<p>Hello Code Geeks!</p>

2.5 String::indent

The String::indent method will add or remove leading white space characters for each line of a single or multi-line String and return the result. White space characters include the tab character. Each line is then suffixed with a line feed (“\n”). A positive value passed to the method will insert spaces at the beginning of the line. A negative value will remove spaces. If the negative value specified is more than the available leading white space characters in the line, all leading white space characters are removed. The method was added to provide more control when aligning Raw String Literals.

Right-click the Java package under /scr/test/java and select New > Other… JUnit Test Case.  Click Next.  Enter the name “StringIndentTest” for the test case and click Finish

New JUnit Test

Add the following code to the StringIndentTest class.

import static org.junit.Assert.assertTrue;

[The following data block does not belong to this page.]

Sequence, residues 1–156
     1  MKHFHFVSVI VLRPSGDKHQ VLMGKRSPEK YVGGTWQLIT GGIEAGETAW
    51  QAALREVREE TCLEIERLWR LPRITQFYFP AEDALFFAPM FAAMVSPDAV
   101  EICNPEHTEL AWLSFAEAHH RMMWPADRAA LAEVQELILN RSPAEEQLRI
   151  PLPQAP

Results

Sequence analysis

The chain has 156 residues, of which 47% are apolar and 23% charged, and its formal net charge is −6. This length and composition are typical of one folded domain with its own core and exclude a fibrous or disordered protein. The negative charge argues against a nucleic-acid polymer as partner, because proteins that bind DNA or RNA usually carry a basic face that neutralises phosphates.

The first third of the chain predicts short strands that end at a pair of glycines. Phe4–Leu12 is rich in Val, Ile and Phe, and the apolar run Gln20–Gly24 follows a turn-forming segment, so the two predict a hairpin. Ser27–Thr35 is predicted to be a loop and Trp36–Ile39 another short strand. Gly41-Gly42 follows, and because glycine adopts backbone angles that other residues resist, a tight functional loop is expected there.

import java.io.IOException;
import java.net.URISyntaxException;
import java.nio.file.Files;
import java.nio.file.Path;
import java.nio.file.Paths;
import java.util.stream.Collectors;
import java.util.stream.Stream;

import org.junit.Before;
import org.junit.Test;

public class StringIndentTest {

	String data_from_file;
	private String buildHTMLWithIndent() {
		StringBuilder html_string = new StringBuilder();
		html_string.append("    <html>\n");
		html_string.append("        <body>\n");
		html_string.append("            <p>Hello Code Geeks!</p>\n");
		html_string.append("        </body>\n");
		html_string.append("    </html>\n");
		return html_string.toString();
	private String buildHTMLWithoutIndent() {
		StringBuilder html_string = new StringBuilder();
		html_string.append("<p>Hello Code Geeks!</p>\n");
		return html_string.toString();
	public void loadHTMLFile() throws URISyntaxException, IOException {
		Path path = Paths.get(getClass().getClassLoader().getResource("helloworld.html").toURI());
		Stream<String> lines = Files.lines(path);